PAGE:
The death of Alexander III and the Great Cause, Bruce vs Balliol

On a stormy night in 1286, King Alexander III rode off from his court, intending to meet up with his new young wife, Queen Yolande. He never made it, falling off a cliff to his death at Kinghorn in Fife. He was only 45 years old. Five years previously, his younger son David died, aged 8.  Only two years previously, the heir to the throne, Alexander, had died aged 20. Prince Alexander had been married twice, but both marriages had been childless. The only other child of the King was their sister Margaret, who died in childbirth in 1283, leaving a three year old girl, also Margaret, as heir to the throne of Scotland. When she eventually arrived in Scotland in 1290, she sickened and died, leaving Scotland without an heir in the male line.

Alexander had obviously intended to father more children, and was young enough for this to happen. Unfortunately, Queen Yolande had not fallen pregnant in their brief marriage, meaning that the Scots had to find a new heir to the throne.

The inheritance of the throne was supposed to pass through the male line. Unfortunately there were no heirs available. King Alexander III had no siblings who lived to adulthood. His father King Alexander II only had three sisters. His grandfather King William was the second of three sons, the eldest being King Malcolm IV, who died unmarried. Their younger brother was Earl David of Huntingdon and Garioch. His great-grandfather was Earl Henry of Huntingdon and Northumbria, the only son of King David, whose brothers had no legitimate children. David’s father, Malcolm III, had other sons by his first marriage, who had been disinherited, and their descendants destroyed. If the Scots were to look at David’s sisters, the eldest had married King Henry I of England, making the King of England the heir to that line.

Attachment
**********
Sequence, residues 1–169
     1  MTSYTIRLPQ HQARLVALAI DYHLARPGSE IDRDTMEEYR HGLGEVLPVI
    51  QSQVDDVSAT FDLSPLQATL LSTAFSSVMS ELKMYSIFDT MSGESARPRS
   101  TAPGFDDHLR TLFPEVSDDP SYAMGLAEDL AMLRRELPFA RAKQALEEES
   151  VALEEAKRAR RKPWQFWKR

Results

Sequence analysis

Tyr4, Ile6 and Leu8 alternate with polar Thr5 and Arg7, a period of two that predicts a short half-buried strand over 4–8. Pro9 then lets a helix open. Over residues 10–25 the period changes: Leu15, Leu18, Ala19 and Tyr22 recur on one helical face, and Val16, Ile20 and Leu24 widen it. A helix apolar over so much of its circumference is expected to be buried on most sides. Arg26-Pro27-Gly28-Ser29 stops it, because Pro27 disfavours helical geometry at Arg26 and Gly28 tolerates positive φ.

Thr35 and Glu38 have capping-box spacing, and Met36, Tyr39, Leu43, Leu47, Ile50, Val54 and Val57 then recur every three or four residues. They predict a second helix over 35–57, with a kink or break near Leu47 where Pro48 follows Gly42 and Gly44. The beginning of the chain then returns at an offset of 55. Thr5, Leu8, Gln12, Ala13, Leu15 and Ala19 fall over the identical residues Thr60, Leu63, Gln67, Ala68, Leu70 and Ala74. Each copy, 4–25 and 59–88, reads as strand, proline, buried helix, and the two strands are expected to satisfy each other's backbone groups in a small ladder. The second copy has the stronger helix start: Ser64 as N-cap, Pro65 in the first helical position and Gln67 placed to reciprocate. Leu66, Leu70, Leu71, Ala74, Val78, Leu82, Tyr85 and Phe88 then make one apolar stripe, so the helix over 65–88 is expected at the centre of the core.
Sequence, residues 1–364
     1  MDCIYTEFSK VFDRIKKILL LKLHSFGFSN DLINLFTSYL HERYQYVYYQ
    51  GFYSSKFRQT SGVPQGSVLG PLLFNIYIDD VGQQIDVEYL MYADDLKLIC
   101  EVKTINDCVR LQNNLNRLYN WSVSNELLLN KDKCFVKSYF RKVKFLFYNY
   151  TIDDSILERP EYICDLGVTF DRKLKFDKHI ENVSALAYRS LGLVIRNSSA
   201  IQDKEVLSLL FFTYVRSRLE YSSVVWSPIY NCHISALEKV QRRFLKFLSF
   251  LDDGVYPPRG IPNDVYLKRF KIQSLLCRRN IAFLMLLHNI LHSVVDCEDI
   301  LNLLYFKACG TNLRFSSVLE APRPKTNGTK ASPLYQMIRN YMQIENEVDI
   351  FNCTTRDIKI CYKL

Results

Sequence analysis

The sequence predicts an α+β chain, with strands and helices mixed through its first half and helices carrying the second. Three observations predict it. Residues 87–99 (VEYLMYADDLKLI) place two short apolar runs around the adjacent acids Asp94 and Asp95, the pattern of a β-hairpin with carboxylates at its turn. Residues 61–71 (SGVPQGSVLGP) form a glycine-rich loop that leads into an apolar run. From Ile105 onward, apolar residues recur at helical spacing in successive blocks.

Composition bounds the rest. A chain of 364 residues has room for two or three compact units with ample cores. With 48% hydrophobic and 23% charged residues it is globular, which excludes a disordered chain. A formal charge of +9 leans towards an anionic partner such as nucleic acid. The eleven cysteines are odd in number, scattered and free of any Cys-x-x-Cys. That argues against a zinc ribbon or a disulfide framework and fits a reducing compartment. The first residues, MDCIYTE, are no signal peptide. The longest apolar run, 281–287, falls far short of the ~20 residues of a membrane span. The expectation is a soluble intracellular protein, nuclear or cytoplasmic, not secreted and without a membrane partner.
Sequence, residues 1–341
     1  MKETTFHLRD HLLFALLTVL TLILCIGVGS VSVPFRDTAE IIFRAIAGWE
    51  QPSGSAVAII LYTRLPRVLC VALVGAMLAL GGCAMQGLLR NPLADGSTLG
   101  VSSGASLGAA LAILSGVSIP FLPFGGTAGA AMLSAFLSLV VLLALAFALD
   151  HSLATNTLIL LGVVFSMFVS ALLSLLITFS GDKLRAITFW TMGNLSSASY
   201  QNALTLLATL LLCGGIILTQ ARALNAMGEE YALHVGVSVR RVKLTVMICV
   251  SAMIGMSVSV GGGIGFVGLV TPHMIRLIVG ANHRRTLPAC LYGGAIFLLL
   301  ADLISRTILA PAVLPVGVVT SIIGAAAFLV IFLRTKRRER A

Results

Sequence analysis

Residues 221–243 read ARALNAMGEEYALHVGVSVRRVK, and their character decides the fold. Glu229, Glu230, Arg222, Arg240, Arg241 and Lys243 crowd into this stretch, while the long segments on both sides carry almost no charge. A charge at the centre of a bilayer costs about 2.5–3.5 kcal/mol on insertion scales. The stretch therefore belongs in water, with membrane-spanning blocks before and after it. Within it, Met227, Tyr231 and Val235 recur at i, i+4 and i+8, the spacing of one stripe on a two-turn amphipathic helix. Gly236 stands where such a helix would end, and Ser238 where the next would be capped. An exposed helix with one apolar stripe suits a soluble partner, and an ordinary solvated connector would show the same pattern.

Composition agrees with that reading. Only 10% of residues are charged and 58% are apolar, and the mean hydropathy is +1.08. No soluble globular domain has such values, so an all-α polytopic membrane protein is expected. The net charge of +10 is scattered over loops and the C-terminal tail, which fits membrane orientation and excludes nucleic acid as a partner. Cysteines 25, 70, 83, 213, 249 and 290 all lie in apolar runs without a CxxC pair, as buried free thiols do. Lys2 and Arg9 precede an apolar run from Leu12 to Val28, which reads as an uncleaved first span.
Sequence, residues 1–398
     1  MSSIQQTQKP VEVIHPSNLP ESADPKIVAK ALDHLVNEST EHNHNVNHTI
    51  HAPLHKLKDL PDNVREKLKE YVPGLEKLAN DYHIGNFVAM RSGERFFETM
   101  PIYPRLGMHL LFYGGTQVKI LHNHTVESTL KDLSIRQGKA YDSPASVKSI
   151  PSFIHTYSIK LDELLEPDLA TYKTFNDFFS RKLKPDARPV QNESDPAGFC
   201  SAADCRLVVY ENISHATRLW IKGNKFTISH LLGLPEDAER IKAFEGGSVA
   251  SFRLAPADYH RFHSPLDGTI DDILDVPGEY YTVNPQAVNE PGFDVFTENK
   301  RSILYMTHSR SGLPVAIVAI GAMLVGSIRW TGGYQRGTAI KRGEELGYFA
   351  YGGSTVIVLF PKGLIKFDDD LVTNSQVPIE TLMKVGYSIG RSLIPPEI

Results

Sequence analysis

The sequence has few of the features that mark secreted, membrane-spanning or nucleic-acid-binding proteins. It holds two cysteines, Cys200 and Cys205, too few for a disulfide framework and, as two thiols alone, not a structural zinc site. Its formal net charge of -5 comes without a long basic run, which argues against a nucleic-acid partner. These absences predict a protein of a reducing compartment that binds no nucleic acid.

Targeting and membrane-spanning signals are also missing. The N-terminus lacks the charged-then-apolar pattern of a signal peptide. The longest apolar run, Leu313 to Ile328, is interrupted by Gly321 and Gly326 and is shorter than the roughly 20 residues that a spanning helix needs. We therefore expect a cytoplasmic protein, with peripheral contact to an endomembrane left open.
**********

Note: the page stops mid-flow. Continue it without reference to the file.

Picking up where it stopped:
Earl David did actually have a son who survived to adulthood, John the Scot, Earl of Chester, but he died without children. So, whatever happened, there was no heir through any male line – “heir-male” as it used to be called. So, who was to become King? The sisters of Alexander II had all married English Earls – Margaret to de Burgh of Kent, Isabella to Bigod of Norfolk, and Marjory to the Earl Marshall. Margaret bore a daughter who died in infancy, the other two marriages were childless. So the next lines were the daughters of Earl David of Huntingdon and Garioch, Margaret, Isabella and Ada.

Margaret was the eldest, and had married Alan, Lord of Galloway. Their marriage produced daughters, Devorguilla, who married John Balliol of Barnard Castle in Cumbria, and Christiana, who married William de Forz. Christiana’s marriage was childless, but Devorguilla and John had a son, John Balliol. Earl David’s second daughter was Isabel, who married Robert Bruce, 4th Lord of Annandale. They too had a son, Robert Bruce, and by 1290 he had both a son and grandson, both living. The third daughter, Ada, married John de Hastings, first Baron Hastings, and they had a son, John. Baron Hastings had little support in Scotland, in addition to being from the most junior line.